Hello there and welcome to Volume 3 of Mercurial Stories.
Perhaps you are wondering, considering the global tragedy going on, why I chose such a prompt for this week’s issue. It was not done flippantly, I can assure you. I chose the 1950s as this week’s challenge because it is a time period that is often seen with rose-colored glasses, cited as being a period of innocence and decency. It is the darling of the right wing conservatives, the period the current president of the United States refers to when talking about making America great again.
Of course, like any era involving humans, the 1950s were not great, even for those who benefited from that brief moment of economic prosperity. The 1950s seemed great only when compared to the horrors of World War II. The 1950s was a time of delusion and denial, when the world suffered through a long stretch of post-traumatic stress disorder and treated our collective psychological wounds with consumerism. In America, men returned with night terrors but instead of dealing with what had happened, they bought cars and houses in the suburbs and set themselves up for disappointment. They were sentimental for a time before they intimately knew the raw cruelty of humanity. They set about creating a world that replicated a time period that had never happened; humans have always been cruel and have rarely known peace.
At the same time, those who had not benefited from the status quo, such as minorities and women, came out of the war with the realization that change, even seemingly impossible change, was actually possible. For a while they played along with fantasy, left the work force and returned to the kitchens and fields. But the seeds had already been planted by that point. And when the fantasy was disrupted by what some called disorder and others called progress, well, that was a great period of hope for our species, a period when our capacity for cruelty was balanced with our capacity for compassion and true decency.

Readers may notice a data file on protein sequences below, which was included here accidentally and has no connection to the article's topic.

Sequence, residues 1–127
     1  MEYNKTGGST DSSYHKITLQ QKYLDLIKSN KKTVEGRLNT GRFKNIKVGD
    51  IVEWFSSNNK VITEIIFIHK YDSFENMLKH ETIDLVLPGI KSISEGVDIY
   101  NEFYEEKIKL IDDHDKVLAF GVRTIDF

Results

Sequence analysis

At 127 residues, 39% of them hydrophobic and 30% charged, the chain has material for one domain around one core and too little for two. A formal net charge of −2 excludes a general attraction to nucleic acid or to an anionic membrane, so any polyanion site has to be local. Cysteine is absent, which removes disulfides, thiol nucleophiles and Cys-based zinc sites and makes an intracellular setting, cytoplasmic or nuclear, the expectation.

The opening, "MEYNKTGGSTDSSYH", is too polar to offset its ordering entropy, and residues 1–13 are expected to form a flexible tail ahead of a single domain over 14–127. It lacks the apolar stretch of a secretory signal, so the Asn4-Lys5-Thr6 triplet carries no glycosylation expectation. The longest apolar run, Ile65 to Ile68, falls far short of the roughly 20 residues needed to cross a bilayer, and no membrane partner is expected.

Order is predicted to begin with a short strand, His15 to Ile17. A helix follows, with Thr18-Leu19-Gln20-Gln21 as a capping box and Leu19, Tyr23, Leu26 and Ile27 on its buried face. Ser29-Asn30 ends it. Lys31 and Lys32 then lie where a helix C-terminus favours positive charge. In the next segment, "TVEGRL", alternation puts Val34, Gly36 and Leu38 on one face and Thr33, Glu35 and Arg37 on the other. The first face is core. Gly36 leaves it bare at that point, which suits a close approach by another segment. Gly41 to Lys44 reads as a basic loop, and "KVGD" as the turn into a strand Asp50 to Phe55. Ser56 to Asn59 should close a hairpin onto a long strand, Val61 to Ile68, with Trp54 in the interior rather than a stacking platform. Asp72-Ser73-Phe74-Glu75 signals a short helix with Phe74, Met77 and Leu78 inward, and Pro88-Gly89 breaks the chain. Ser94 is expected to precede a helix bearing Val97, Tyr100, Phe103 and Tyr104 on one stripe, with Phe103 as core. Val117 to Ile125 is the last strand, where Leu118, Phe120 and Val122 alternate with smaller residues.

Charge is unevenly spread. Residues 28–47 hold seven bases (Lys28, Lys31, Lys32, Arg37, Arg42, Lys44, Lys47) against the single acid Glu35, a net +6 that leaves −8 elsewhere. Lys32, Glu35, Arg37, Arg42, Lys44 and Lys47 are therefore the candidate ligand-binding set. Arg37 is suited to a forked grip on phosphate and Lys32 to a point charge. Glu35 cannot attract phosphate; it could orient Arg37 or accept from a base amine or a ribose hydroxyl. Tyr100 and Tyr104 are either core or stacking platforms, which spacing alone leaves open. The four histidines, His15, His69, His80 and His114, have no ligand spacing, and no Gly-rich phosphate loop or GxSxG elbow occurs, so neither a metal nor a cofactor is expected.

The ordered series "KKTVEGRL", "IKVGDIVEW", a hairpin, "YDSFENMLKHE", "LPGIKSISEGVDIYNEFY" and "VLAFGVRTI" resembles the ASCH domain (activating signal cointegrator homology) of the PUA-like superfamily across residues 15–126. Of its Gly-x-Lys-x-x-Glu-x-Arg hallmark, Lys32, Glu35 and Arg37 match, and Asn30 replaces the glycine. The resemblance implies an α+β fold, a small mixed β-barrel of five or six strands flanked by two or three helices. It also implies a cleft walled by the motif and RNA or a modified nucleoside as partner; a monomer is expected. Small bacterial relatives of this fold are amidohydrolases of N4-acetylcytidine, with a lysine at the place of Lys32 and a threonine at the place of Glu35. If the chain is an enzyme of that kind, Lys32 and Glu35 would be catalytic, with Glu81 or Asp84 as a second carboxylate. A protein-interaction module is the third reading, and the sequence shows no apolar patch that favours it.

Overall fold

I have been thinking about the 1950s a lot lately not because of the nostalgic rhetoric of right-wing pundits but because right now we are facing a similar future. A pandemic is not the same as a war, obviously, but it is a sudden shock to our psyche, as we bear witness to the senseless loss of life that we are incapable, at this point, of stopping. I hear many talk about the things they miss about life before quarantine, as if life can just go back to being normal, as if normal was working for everyone. We are learning a lot during our respective confinements, learning about our priorities and shortcomings, and most of all about our commonalities, our need for connection and interaction. Just as it was impossible in the 1950s to return to a time that never happened, it will be impossible when the pandemic is over to go back to our old mindless habits, habits that were destructive and prohibitive. And yet, just like in the 1950s, I suspect that many will still try to do so (as we see many already doing now), and the result will be something equally captivating and fleeting. I look forward to seeing the dawn of that transition period and the even greater change that will follow.
Until then, stay safe, dear readers and writers.
In this issue, we have four stories of the 1950s:
(1) Rebel In Color by Yash Seyedbagheri
(2) Red Dawn by Mark Kodama
(3) Nineteen Fifty Something by Lynn White
(4) Remote Control by Dawn DeBraal
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